It’s hard for the person who sings an occasional line and dances an occasional step to really land emotionally in the part, or even, sometimes, to understand why we are singing the lines we’re singing.

But, as I said, I’ve been singing and thinking about the part for awhile now, and I’ve come to a disturbing conclusion: my role is that of a “good German,” one who goes along to get along, one who blithely endorses lies for his own safety and security, one who rejoices in the misfortunes and sorrow of others when it aligns with his own immediate self-interest.

Within the space a single song, for instance (the Finale of Act I), the chorus changes its allegiance at least three times: we begin in fear for our own lives; rejoice when a victim is found (Naki-Poo); accuse that victim of forswearing his bride-to-be, Katisha; tell his alternate bride (Yum-Yum) that she is sure to die for her seduction of Nanki-Poo; and then turn on Katisha, shouting her down when she tries to expose the truth of the situation—literally drowning her out; and, finally, rejoice in the impending, if doomed, marriage of Yum-Yum and Naki-Poo.

In another song, we cower and play toady to the Mikado himself when he happily sings and dances as he recounts his brutal plan to torture criminals in an appropriate manner suited to their “crimes.” We laugh along with him at the prospect of the grim fates that will befall minor criminals. Indeed, the entire premise of the play, that those who flirt should be condemned to die, seems perfectly reasonable to all of us.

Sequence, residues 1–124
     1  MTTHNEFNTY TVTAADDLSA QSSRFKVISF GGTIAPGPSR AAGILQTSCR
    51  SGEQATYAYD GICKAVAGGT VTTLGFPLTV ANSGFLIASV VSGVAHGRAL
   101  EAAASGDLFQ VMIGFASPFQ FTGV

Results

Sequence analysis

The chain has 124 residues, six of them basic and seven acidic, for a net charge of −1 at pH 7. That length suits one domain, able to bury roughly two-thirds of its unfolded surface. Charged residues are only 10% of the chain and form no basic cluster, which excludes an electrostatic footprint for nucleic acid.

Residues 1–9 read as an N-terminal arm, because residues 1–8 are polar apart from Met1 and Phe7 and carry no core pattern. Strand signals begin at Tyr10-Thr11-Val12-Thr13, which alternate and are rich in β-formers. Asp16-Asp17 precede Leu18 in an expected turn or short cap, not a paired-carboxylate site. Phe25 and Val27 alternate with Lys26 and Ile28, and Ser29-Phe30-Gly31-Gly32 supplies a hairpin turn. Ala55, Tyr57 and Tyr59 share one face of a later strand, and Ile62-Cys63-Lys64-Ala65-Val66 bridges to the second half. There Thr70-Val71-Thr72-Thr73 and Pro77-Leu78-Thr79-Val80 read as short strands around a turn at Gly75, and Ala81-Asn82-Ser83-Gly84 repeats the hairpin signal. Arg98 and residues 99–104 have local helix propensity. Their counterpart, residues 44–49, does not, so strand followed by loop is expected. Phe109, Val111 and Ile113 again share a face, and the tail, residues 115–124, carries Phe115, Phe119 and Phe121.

One further example: we are complicit in the lie of Ko-Ko, Pitti-Sing, and Pooh-Bette when they construct their elaborate lie to the Mikado regarding the execution of Nanki-Poo, making us subject to the same fate they are threatened to share—execution for “compassing the death of the heir to the throne.”

The Mikado may be “light opera,” but its dark message is anything but. And the role of the chorus is a cautionary tale for all who live within the boundaries of any regime that relies on its citizens for complicit agreement with its policies and practices. We, the chorus in this play, are a pack of pampered cowards, enjoying our stay at this resort with no regard to actual virtue, nobility, dignity, or any of the other adjectives we incorporate into our songs. I’m not sure we convey that to our audience, but if they consider us at all, I think they would be forced to dislike us intensely.

(I’m sure these are not original thoughts, but they are my thoughts, having not read too extensively about G&S. Now I will go do some research to see if this has already been the subject of someone’s thesis or dissertation….)

Music-making as a middle aged amateur

I recently turned 57 years old. In some things, I feel the wisdom of age–in my work life, for instance. But in others, I feel like a perpetual beginner. Nowhere is this clearer than in my musical endeavors.

I’m lucky to have three groups of friends with whom I can regularly make music. My church choir, my church folk band, and the band I play in, Commonhouse.

None of us in Commonhouse has any illusions that we will make the big time. We are free of that kind of ambition. But we have strong ambition in other ways. We want to write and arrange strong pieces of music–songs that are compelling for their own sake. Little works of art.

And to that end, we keep meeting each Monday night to play for a couple of hours. We bring the songs we’ve written and work with the group to turn them into something of worth. We play in front of other people occasionally, nerve-wracking though that it.

And now, we’ve recorded some of those songs, and we’ve turned them into an extended-play CD of five original songs. If you’re interested, you can listen to them and possibly buy them online at

If you’re inclined, please have a listen!epcover